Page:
People v. Deal, 357 Ill. 634 (1934)

Oct. 22, 1934 · Illinois Supreme Court · No. 22582
357 Ill. 634

(No. 22582.

The People of the State of Illinois, Defendant in Error, vs. Harold Deal et al. Plaintiffs in Error.

Opinion filed October 22, 1934.

*635F. M. Guinn, and Lester Wright, for plaintiffs in error.

Otto Kerner, Attorney General, Paul Taylor, State’s Attorney, and J. J. Neiger, for the People.

Mr. Justice Herrick

delivered the opinion of the court:

The plaintiffs in error, Harold Deal and Clarence Lemmons, (hereinafter called the defendants,) were by an indictment returned by a grand jury of Effingham county charged with the crime of robbery while armed with a *636dangerous weapon. They were tried by a jury, which returned a verdict of guilty. The motions for new trial and in arrest of judgment interposed by them were severally overruled and they were sentenced to the Illinois Reformatory at Pontiac for the indeterminate sentence fixed by the statute. To reverse the judgment of conviction they have sued out this writ of error.

Numerous errors are assigned, but those most earnestly urged are, (x) that the trial court admitted incompetent and prejudicial evidence; and (2) that the State’s attorney in his argument to the jury made improper statements calculated to arouse, and which did arouse, the passions and prejudices of the jury against the defendants.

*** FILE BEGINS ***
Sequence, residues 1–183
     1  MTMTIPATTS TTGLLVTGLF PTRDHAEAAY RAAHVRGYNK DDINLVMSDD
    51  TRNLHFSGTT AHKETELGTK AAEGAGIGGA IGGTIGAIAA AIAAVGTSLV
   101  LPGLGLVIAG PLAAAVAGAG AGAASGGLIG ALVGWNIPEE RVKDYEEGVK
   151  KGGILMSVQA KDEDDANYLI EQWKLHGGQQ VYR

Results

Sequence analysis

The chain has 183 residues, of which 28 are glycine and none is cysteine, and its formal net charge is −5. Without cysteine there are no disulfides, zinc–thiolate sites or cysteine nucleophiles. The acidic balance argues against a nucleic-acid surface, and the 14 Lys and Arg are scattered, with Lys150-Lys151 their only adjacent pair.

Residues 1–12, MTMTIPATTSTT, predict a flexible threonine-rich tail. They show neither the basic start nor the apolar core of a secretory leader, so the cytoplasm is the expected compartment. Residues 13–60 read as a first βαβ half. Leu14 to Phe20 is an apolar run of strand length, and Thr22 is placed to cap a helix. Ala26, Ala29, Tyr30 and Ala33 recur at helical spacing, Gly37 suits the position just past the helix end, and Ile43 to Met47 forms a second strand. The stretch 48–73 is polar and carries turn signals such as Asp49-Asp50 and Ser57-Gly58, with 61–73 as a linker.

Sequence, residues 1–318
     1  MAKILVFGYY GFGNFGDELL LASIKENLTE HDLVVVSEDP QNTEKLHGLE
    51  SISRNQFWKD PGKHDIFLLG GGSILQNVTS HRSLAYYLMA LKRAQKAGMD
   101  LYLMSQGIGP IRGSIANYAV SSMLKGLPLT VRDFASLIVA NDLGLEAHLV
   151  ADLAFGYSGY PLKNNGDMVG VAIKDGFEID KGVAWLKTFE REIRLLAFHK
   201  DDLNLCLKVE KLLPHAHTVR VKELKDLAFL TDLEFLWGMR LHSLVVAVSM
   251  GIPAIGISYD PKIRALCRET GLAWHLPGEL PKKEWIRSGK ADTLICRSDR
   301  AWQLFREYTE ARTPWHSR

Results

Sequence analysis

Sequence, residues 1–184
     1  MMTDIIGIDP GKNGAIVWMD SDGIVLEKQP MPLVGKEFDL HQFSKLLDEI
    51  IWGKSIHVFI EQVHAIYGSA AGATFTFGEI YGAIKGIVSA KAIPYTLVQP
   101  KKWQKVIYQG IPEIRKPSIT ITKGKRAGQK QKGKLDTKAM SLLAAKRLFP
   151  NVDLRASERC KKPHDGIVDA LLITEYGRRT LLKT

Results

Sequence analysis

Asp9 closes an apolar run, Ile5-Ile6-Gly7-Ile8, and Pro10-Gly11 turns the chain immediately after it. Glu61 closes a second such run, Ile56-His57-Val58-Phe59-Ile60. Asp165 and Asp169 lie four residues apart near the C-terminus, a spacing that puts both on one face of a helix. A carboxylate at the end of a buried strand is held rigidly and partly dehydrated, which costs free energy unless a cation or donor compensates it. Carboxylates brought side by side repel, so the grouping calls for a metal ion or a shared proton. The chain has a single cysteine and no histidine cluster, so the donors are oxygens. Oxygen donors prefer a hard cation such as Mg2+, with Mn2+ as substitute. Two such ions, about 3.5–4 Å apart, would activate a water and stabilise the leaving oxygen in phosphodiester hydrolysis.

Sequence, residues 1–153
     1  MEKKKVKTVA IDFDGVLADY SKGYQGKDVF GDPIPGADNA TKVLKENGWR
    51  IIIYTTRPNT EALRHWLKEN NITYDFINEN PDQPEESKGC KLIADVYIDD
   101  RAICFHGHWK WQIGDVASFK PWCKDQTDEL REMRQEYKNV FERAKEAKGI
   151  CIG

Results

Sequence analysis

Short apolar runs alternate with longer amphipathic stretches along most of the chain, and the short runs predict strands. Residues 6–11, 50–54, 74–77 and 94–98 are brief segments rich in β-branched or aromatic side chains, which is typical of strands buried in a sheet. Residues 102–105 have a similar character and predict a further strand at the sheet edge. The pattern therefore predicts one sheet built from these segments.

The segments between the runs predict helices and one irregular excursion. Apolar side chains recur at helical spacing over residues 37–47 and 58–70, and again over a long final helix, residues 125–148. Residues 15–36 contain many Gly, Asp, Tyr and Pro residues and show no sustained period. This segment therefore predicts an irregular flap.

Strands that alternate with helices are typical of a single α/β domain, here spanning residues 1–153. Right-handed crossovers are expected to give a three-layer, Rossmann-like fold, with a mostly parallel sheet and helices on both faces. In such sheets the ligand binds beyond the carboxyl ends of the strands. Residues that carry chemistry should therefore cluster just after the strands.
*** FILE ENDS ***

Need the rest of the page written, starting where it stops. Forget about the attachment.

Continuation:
The defendants are young men residing with their parents in Vandalia. Altamont is about twenty miles east of Vandalia, on Route 40. Leroy Martin was an attendant at a gasoline filling station located on Route 40, at Altamont. About 8 :55 of the night of October 16, 1933, two men, each with a revolver in his hand, entered the office of the station, where Martin then was. The shorter man commanded Martin to stick up his hands and ordered him to turn out the lights, which Martin did, with the exception of the lights in the canopy outside the office. The taller man then took the money-changer, which was strapped about Martin’s body, from him, and also took two one-dollar bills out of a pocket in his overalls. The money-changer contained about $5.90. While the robbery was in progress, Martin’s sister, Katherine, drove up to the station. On her arrival one of the robbers left the office, met her, pointed a revolver at her and directed her to come inside. The robbers forced her and Martin into the washroom, commanded them to stay there, placed a chair against the outer door and then left in an automobile. The evidence tended to show the automobile was a Ford and that it was driven west from Altamont. The money-changer was later found in a field between Altamont and Vandalia.